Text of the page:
With 200 achievements, Killing Floor could fill a lot of time for completionist gamers.
Expansions / DLC / Sequels
There are a number of DLC that add maps and character skins. If you like the base game, everything Killing Floor goes on sale fairly regularly.
I figured this would be a knock-off of Left 4 Dead, but it's not great. The perk system is really interesting, but no story and only one game type is tedious. Easy mode lives up to its name, while anything else is impossible for an un-perked solo play. This may be one of those games that flops alone but shines with others, but I'm not enough impressed to recommend it.
Monday, November 5, 2012
I haven't written anything about magic in a while, for various reasons. Figured it was about time to do so.
Red has strong early game and can dominate in many two-player formats. Unlike other colors, red has few options later in the game and a lack of consistency in multiplayer.
As far as tribal decks, Goblins are strong early but weak afterward, and can't compete well against multiple targets. The mountainwalk ability of Goblin King is arguably the worst tribal ability, as red has no way to change land type. Soldiers, Slivers, Merfolk, and others have an edge over goblins in games with several players.
As to abilities, Red's favorite is haste. Haste is unique compared to other static abilities. Haste is potentially useful once per creature, while other abilities can give an ongoing advantage.
Red has decent weenies, but not the best. Red has big flying dragons, but, except for green, every color has big flyers. I have had success with dragon-themed decks, when I had mana to cast them.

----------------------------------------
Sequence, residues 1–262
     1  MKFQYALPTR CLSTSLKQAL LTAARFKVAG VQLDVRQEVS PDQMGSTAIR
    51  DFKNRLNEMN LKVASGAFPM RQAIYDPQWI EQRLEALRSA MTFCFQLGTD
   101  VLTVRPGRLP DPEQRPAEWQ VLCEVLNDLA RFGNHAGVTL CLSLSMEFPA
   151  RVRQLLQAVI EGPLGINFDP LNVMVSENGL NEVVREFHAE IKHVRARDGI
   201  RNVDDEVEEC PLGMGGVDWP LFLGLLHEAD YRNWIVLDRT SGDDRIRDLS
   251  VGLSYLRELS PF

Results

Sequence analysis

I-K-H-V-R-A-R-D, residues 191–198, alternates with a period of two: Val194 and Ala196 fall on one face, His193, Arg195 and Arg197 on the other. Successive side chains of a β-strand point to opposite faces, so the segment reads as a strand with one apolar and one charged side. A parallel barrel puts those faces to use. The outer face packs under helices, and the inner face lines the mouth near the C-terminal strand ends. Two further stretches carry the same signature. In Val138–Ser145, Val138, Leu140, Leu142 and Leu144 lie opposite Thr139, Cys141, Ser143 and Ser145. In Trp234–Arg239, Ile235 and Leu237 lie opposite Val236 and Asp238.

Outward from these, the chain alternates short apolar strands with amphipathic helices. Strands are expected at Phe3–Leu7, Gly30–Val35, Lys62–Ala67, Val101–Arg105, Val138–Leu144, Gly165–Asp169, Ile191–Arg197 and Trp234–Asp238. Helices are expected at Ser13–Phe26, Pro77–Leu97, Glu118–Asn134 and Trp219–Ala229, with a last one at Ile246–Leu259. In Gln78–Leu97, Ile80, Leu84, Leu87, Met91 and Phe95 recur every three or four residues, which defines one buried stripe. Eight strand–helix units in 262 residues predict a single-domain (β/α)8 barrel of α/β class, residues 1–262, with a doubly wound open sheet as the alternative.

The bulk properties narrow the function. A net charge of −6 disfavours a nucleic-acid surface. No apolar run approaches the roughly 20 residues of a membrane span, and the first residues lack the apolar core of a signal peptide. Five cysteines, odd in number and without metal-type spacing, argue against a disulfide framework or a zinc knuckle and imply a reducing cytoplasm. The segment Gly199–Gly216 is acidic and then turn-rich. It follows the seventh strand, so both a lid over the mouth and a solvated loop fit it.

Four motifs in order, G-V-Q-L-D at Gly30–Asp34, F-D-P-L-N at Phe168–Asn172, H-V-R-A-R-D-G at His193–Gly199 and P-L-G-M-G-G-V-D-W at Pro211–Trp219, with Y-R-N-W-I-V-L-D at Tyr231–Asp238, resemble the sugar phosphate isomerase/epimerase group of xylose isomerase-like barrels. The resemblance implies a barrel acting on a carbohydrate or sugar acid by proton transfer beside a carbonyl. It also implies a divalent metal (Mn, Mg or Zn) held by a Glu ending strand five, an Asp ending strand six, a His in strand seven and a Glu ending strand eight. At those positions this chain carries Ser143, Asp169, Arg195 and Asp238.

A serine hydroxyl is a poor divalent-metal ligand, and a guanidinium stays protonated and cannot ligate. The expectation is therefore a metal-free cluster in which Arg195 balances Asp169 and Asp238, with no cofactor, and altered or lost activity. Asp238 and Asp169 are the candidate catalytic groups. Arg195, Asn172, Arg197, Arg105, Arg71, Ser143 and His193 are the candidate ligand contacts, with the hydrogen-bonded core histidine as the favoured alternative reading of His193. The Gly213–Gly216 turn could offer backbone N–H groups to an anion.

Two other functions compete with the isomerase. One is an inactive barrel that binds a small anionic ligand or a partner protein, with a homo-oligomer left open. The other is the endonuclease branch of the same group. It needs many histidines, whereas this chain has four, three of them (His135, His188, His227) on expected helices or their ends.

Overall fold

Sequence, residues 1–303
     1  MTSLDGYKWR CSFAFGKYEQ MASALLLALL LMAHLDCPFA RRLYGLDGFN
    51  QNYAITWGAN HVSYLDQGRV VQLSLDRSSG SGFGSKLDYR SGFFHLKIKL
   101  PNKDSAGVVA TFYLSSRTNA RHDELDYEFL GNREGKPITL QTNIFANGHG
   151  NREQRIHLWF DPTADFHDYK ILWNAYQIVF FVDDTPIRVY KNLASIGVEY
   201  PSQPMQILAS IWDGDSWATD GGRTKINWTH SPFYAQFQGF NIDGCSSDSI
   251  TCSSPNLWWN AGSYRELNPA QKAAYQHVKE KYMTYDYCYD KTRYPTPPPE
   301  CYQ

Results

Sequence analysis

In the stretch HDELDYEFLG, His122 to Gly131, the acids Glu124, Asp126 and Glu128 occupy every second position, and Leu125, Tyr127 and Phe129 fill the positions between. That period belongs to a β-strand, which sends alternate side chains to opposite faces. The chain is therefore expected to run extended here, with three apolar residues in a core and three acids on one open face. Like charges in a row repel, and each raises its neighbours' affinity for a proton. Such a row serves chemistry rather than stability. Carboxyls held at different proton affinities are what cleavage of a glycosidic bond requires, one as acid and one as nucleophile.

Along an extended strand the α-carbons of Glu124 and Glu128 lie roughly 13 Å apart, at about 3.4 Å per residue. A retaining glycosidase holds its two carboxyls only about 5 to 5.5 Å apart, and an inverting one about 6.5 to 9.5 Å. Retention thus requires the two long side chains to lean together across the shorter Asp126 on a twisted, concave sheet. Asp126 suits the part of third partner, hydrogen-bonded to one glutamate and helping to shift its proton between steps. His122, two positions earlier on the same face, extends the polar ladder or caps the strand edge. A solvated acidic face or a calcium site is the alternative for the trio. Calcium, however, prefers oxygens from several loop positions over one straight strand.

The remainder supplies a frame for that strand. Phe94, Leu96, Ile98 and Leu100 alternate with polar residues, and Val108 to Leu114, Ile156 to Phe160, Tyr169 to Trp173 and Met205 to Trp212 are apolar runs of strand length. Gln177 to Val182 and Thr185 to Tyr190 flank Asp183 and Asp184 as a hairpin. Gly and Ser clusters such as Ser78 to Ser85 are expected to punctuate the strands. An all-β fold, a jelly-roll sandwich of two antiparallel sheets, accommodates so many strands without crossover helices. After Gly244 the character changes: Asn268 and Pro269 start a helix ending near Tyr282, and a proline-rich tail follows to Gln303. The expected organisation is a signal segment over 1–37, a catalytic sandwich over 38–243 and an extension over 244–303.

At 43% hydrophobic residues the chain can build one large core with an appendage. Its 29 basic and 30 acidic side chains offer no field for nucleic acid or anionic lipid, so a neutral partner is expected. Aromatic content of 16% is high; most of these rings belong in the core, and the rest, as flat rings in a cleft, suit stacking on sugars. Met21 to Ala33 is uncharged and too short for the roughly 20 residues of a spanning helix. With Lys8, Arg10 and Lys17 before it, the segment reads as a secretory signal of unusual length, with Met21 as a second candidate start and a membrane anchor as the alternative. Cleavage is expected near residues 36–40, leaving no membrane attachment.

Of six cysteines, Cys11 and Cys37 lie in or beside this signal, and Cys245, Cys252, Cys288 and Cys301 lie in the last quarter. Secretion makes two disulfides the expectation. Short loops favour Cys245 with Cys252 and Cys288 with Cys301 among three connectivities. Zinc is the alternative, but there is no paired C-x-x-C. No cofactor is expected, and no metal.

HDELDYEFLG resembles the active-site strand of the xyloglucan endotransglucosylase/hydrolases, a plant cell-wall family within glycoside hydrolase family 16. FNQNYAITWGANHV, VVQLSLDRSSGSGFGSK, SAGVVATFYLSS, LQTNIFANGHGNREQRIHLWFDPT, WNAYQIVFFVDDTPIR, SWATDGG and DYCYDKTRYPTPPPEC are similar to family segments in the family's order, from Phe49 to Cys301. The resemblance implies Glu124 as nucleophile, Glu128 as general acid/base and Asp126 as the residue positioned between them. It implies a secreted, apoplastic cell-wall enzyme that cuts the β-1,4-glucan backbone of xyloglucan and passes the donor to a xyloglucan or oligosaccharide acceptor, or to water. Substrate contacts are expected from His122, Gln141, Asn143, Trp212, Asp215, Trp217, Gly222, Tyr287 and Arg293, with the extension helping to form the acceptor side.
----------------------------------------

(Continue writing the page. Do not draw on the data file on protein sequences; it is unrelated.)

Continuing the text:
Red has some neat global enchantments, and I have had fun using Manabarbs, Confusion in the Ranks, Power Surge, Smoke, and Mudslide (often paired with global artifact abilities). These decks were fun but unreliable. These types of utility global enchantements aren't seen in red much now.
Red occasionally has a presence in mass destruction. These usually cost a great deal of mana, and are rarely competitive against alternatives. While red makes a show of land destruction, black's Sinkhole and white's Armageddon have lower mana costs.
There are a few sets that seemed to specifically shaft red. The Mirage block gave every color except red a tutor for one mana. Years later Urza's Saga finally gave red a one-mana tutor (Gamble) requiring a random discard afterward. Ouch.
Urza's Saga had a legendary land for each color. Three could generate huge amounts of mana, and are still popular in type one. The lands for red, and black, were crap by comparison.
I conclude. Red is good at two things: being fast and dealing direct damage. Chaos is mostly a thing of the past. This focus really limits my options for reliably successful mono-red decks in 3-4 free-for-alls, and I wish there was more variety in the color. As it stands, I almost always pair red with other colors (most often with blue) to build the kind of decks that work for me.